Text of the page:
In Defense of Faithfulness: Why Staying Faithful to Your Local Church Matters

By Mark Hallock

I love my church family. I really love them. And I miss being with them terribly. I am eager to worship together again soon …. I wait with hope.

Every pastor I have talked with over the past few months feels the exact same way I do about their congregation. Every single one.

My guess is that if you are a Christian, you feel the same way about your church. At least I hope so.

A local church family truly is one of God’s greatest gifts to us this side of heaven. There is nothing quite like it.

And while the large majority of Christ followers I know understand this, believe this, and celebrate this, I’m afraid some of us may have forgotten (or are beginning to forget) this is true.

Here’s why I say this.

After talking with a large number of pastors and church leaders from different parts of the country over the past month, as well as reading of some concerning trends regarding “Christians” abandoning their congregations (congregations that are not yet prepared or ready to open for legitimate reasons) in order to attend other churches that are opening more quickly and “better meet their immediate wants and needs,” I have a few thoughts I want to share, for what they are worth.

If you claim to be a Christian, I have to believe that — more than anything else in your life — you truly desire to honor the Lord, to be faithful to His Word, and to walk in accordance with what He wants. You have been born again, regenerated by the Holy Spirit, and you are now a new creation … with a new heart and new desires! God has made this so, all by grace alone! It truly is amazing.

If this is true of you, if you are indeed a Christian, in this time of pandemic, loving your local church, being sold out and committed to your local church, must be a top priority. And a joyful one at that! It should never be burdensome to be “all in” with your church. You chose it for a reason, right? Because of its theology, its convictions, its leadership, its love? These things are still true.

My concern is that perhaps some of us have forgotten this in just a few short months.

It is sad but true.

My question is this: For a true Christian, a biblical Christian, what should being committed to your local church look like in this season? After two months of this pandemic? What about the next two … or four … or six … or ….?

How do you and I love our church well in this time? Let me offer a several ways:

— You do this by praying for individuals and individual needs in your congregation, which includes praying for wisdom for your pastors and leaders.

— You practice patience with your church, especially if you want things to be moving more quickly than they are.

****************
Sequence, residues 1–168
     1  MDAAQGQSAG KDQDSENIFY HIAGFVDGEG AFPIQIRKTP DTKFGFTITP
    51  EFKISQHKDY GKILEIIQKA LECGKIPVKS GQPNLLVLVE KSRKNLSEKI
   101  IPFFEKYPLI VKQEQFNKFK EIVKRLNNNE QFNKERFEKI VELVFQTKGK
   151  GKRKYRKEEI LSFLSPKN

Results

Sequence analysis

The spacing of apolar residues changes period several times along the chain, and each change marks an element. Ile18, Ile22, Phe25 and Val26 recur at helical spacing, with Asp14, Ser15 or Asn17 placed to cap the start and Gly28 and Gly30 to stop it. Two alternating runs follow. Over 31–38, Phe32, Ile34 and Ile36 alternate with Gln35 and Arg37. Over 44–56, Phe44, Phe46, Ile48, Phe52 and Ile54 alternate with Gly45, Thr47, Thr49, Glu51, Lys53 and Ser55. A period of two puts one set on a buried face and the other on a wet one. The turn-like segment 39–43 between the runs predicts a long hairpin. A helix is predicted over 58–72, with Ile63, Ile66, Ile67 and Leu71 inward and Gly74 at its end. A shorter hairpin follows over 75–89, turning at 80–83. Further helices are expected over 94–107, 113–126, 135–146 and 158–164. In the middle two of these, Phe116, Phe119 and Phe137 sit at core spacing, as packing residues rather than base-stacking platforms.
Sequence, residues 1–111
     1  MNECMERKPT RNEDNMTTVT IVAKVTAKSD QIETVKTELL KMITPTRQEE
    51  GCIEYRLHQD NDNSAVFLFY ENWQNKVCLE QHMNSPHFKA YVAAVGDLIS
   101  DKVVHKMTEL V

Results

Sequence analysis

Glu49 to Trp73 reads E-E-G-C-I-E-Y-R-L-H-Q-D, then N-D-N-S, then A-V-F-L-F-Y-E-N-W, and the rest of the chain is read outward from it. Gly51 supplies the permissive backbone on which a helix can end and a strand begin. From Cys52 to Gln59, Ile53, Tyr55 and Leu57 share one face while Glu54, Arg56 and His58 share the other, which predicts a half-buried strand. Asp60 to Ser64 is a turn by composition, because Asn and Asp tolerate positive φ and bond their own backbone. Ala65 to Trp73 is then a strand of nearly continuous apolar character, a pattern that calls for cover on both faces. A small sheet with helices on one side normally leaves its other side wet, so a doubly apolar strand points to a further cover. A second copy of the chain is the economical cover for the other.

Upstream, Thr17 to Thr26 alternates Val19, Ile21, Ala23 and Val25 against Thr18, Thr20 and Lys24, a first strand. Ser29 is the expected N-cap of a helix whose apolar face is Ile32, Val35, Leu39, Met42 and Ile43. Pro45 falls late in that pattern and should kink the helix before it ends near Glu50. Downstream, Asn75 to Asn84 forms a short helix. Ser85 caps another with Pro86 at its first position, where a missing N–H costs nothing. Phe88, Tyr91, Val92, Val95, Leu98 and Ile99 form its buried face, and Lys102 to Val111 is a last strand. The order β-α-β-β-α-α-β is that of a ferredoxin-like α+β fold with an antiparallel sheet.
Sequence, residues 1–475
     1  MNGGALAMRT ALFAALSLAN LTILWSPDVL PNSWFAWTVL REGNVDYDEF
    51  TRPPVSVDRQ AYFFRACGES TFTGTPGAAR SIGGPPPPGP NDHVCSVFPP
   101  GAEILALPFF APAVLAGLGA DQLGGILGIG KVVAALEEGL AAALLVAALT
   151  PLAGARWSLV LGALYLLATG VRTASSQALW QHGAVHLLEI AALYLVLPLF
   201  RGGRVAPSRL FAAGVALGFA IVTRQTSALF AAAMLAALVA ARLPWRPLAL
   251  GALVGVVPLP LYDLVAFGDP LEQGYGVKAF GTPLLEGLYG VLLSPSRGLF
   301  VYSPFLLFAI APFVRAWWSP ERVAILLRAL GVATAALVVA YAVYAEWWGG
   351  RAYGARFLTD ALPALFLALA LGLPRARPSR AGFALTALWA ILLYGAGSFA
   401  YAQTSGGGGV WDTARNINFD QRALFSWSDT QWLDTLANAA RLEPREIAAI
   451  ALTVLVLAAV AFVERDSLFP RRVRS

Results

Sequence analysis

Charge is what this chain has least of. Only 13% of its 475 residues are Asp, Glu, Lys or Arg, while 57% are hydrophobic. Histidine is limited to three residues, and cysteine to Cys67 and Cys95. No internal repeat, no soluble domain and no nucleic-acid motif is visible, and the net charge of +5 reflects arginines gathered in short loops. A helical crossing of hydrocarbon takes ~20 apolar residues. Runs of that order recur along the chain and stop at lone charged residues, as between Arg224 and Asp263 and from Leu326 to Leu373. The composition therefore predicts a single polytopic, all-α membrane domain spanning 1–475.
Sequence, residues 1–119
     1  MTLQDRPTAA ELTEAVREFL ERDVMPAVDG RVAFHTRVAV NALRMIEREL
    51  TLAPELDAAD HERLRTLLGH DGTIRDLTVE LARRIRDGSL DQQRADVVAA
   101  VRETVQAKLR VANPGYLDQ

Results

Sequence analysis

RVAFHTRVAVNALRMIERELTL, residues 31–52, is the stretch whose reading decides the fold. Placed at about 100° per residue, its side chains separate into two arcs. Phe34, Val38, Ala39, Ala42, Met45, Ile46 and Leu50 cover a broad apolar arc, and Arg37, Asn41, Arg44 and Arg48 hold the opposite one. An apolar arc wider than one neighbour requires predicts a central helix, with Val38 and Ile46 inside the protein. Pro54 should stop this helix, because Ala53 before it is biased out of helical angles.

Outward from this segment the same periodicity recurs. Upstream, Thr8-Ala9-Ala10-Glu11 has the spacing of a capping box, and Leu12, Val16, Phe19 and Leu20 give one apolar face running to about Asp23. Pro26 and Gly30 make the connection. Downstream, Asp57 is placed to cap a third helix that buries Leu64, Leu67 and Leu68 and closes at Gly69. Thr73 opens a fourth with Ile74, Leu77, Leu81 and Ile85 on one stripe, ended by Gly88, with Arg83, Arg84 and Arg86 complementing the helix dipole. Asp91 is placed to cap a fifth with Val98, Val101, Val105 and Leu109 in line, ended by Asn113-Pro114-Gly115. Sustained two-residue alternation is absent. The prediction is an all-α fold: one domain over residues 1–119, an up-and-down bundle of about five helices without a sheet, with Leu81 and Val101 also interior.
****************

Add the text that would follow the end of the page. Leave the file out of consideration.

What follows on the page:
— You do this through being as involved as you can with the different opportunities your church is offering in this time.

— You do this by intentionally encouraging different folks in your congregation whenever you get the chance or think about it.

— You put your faith in God and His sovereignty over all things — ALL things.

— You do this by actually trusting your pastors and leaders, those who love you and are doing the best they can to lead you in this time. Follow them as they seek to follow Christ.

— You look for ways to serve practical needs of those who are struggling in your church family.

— You make worship a priority, with joy and thankfulness, even if you are still unable to meet in person on Sundays at the physical church building.

— You are quick to show grace to your church family, assuming the best and not the worst of them. You do this because you know that the same Holy Spirit who is at work in you is at work in them.

— You look for opportunities to share your faith with those who don’t know Christ and invite them to get connected to your church, even now.

— You share wisdom and insight that you have, which could potentially be helpful for your pastors and leaders in this time. Remember, they want to serve you well and they recognize they do not have all the answers for this unprecedented situation.

— You continue to joyfully and faithfully give your tithes and offerings to your church, knowing the mission of making disciples for the glory of God continues to move forward in this season.

— You thank God every day for your church family — praising God for blessing you and allowing you to be part of this congregation.

I also need to mention this. The worst thing you can do in this time is threaten to leave, or actually leave your church family … abandoning your congregation for another, simply out of impatience, pride, anger, arrogance, or flat-out pragmatic reasons.

There are legitimate reasons to leave a church. In the words of a dear old deacon friend of mine, “These ain’t them.”

Friends, let me encourage you to love your church in this tough time. Be mature. Be godly. Be humble. Be biblical.

The Lord wants to grow us up. Let Him have His way — for your joy, the good of others, and His ultimate glory.

This post originally appeared on Mark’s blog, Preach, Lead Love.,


Published June 17, 2020

Mark Hallock

Mark Hallock serves as the Lead Pastor of The Calvary family of Churches in Englewood, Colorado. He is grateful for 16 years of marriage to his wife, Jenna, and loves being a daddy to their kids, Zoe and Eli. He is a graduate of Denver Seminary and Westminster Theological Seminary.